Would I appreciate consultation on the wiki?  On some level, yes.  I'd love to have someone who tested the links and remarked upon some of the confusing language, when clearly I haven't fully processed my thinking.  I'd love someone who could go in an correct spelling errors without needing to ask me first, or fix typos and other grammatical errors.

But do I want someone to come in and propose a different system for weapons' damage?  No, not really.  This, however, is what I could count upon.

Yesterday, JB - a regular reader - wrote a post about the skill set offered by the old Empire of the Petal Throne.  In the article he mentions a few of the skills, but obviously he doesn't want to just reprint a skill set from a published game.  That's quite reasonable.  It's not a bad post.  Where my interest lies, however, is in the first comment, where DungeonMastahWieg writes, ". . . makes me want to come up with a list of basic skills."

Now, I would rush in there and 'consult' by pointing out that I have skill set lists and even a character generator that Wieg should look at - only, in following the link, I discover that Wieg runs the blog, Save vs. Poison.  A blog that has been in existence since 2009.  When Wieg's name used to be Ryan.

Ryan, who entered my online campaign as Kazimir, also back in 2009.  When he rolled up a character using my basic skills system.

Now, let me make myself clear.  Wieg/Ryan wasn't that fond of my online campaign, he didn't have time for it and as far as I know, we parted without any hard feelings.  Nor am I in anyway upset that he was interested by the EPT's skill system as described by JB and not the one I actually used to create his character, which I posted in 2008.  That's perfectly fine.  I'm quite sure that Wieg/Ryan doesn't remember that post.  It's all good.

My larger point is that Wieg/Ryan's comment on JB's post is extraordinarily typical of the sort of interplay and 'consultation' going on back and forth between blogs on the internet.  Even though Save vs. Poison has been around for five or six years, the response was made as though the idea of a secondary skill system had never remotely occurred to Wieg/Ryan.  As though, in some way, this is new!  The same can be said of JB's post, which really is nothing more than a mild rehash of a few things printed what, 36 years ago?

While I am perfectly fine sharing the webspace with other bloggers, the more the merrier and all that, where it comes to 'consultation' on what I'm doing or what I'm designing, I must argue that the idea is patently ridiculous.  I'm very sorry.  Most of you are busy proposing rules invented three decades ago, while I've spent this time working.

Has this made me popular?  Of course not.  Will this post help?  Oh, it might send waves among the unctuous gossip bitches of the online blogger community, but that won't mean much.  They'll just spend a lot of time demanding to know why they weren't consulted before I wrote this post.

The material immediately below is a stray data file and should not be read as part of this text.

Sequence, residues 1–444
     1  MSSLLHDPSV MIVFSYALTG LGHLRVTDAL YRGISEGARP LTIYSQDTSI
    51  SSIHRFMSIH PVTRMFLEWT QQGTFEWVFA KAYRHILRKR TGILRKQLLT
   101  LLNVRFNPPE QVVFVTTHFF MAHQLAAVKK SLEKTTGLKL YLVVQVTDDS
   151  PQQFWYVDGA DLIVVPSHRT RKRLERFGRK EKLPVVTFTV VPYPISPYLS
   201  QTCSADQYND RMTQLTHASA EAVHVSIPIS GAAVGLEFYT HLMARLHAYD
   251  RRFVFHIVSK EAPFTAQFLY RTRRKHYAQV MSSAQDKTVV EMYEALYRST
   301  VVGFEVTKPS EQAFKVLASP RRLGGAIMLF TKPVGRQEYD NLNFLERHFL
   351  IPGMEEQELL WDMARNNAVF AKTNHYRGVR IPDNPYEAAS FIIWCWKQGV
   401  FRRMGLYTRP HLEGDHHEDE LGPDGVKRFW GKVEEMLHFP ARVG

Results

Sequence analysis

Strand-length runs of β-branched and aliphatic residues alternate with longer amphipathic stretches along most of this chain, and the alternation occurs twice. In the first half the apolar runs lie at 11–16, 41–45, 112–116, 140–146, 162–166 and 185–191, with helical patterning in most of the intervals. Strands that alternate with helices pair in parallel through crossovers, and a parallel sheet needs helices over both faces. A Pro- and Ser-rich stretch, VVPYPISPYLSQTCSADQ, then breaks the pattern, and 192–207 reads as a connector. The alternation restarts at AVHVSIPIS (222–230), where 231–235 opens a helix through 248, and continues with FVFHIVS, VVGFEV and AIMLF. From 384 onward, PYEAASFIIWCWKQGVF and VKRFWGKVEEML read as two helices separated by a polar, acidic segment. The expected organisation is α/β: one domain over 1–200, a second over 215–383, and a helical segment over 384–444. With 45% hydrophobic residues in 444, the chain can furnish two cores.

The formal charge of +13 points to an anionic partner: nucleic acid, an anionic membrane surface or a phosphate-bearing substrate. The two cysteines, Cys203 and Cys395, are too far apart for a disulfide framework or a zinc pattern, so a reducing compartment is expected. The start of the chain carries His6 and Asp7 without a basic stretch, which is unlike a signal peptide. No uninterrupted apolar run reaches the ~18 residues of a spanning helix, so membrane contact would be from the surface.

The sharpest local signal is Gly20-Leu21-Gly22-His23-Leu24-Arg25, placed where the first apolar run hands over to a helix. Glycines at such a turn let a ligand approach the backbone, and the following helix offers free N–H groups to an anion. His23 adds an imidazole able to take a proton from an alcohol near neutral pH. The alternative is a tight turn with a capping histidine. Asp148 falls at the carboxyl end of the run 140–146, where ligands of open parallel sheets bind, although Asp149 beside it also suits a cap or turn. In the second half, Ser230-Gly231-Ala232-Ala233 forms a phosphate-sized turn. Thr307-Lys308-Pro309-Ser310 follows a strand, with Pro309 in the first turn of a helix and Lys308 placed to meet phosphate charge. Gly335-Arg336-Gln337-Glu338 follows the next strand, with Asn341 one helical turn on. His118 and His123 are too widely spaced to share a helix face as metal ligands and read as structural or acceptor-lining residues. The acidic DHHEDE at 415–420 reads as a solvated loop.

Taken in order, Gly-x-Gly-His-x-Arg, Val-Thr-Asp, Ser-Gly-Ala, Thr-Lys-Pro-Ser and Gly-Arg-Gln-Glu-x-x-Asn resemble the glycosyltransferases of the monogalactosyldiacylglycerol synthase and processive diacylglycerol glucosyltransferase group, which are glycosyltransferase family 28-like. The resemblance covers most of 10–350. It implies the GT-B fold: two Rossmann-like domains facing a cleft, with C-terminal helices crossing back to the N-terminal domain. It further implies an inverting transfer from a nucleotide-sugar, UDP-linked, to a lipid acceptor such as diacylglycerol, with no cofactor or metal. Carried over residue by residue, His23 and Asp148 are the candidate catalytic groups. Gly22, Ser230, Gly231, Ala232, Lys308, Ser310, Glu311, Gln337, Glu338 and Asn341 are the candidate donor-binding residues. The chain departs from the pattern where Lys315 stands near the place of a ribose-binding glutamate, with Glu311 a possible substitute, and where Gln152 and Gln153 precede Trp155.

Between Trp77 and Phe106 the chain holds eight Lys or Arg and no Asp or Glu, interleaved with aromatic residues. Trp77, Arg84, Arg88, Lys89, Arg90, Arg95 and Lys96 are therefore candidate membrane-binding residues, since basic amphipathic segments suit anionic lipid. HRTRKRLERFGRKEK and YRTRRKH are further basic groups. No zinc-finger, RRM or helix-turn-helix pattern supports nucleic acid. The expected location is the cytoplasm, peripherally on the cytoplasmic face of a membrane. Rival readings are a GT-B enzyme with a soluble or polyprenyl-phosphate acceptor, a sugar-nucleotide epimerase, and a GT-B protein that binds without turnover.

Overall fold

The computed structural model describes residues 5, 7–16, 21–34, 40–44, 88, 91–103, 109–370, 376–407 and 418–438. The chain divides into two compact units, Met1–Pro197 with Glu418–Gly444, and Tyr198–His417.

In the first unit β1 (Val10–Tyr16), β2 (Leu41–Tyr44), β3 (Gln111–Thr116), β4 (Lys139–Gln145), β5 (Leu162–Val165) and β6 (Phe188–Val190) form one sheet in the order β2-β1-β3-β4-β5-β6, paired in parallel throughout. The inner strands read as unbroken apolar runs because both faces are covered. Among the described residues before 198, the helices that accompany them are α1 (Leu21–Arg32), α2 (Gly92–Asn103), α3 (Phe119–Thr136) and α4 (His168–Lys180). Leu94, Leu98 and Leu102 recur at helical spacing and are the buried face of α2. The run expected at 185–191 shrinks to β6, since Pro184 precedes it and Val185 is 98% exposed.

I would love some help, some REAL help, from people who have consciously tried to educate themselves as to why parts of the game don't work.  Now and then, it's good to hear from someone who, like Jhandar recently, will propose a solution to a problem that is already hopelessly dead in the water, because then I get to write a post about why Munchkins exist and how that works.  I crave, however, the more thoughtful insight provided by Jhandar and others when they really dig into the game's structure.

Nevermind why it doesn't work.  How are we going to make it work?  That's the bigger issue.  I'm quite tired of the 'why doesn't it work' discussions.  I've had many of them for quite some time.  I suppose I'm ready to move on now.

Sorry I didn't consult anyone about that.



2 comments:

Mujadaddy said...

"unctuous gossip bitches"

I'm seeing a 4HD creature which summons the rest of its tribe with ear-piercing shrieks... Save vs. Wands to not-give-a-damn.

JB said...

I wouldn't say you're reducing the popularity of your blog by removing participants from the discussion. I think one of the main points of Ford's article is that "intense moderation" can lead to a site's success, because what's being provided (with an open forum site) is a customer service experience, and moderation provides a better experience. You're keeping an elevated discourse, which attracts the "clients" who (hopefully) are going to better appreciate your work and writing.

Like you, I enjoy hearing intelligent opinions from folks. Not only can it point out flaws in my own design (or give me additional ideas), it can act as a "sounding board" to see if I'm even making sense...if I'm clearly expressing myself in my blog, getting my point across.

But I can get those benefit from the "non-intelligent" comments, too. Consequently, I don't worry too much about "moderating" except to delete spam.
: )